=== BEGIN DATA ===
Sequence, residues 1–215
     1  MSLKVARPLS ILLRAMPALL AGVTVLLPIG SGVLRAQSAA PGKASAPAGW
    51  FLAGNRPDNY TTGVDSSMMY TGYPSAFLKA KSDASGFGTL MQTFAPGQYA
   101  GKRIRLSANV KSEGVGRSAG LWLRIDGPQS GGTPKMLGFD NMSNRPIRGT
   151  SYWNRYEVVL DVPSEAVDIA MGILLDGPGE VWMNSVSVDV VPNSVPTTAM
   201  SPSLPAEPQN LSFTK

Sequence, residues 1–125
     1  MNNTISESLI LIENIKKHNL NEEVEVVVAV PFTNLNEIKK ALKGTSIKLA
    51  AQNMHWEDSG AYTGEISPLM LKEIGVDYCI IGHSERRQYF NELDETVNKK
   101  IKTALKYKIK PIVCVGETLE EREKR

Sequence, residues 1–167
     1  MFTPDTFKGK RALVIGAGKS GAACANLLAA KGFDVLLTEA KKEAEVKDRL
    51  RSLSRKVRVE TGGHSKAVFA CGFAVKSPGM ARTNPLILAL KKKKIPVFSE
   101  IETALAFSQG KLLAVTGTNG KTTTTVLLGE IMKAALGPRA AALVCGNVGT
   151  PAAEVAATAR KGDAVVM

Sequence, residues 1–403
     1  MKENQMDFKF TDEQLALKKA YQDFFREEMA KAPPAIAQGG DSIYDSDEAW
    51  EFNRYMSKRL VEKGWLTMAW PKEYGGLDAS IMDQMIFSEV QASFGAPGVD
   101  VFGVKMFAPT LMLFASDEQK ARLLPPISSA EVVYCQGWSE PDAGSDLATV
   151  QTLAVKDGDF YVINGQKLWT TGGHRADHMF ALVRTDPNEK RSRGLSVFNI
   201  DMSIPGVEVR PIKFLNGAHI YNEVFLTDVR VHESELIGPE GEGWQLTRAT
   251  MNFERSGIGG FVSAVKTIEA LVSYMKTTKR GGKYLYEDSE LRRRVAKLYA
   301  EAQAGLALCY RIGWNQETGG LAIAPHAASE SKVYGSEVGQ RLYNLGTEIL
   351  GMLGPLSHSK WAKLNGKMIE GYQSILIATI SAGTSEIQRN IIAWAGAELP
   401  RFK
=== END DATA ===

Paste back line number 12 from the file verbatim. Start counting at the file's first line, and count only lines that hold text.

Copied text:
     1  MFTPDTFKGK RALVIGAGKS GAACANLLAA KGFDVLLTEA KKEAEVKDRL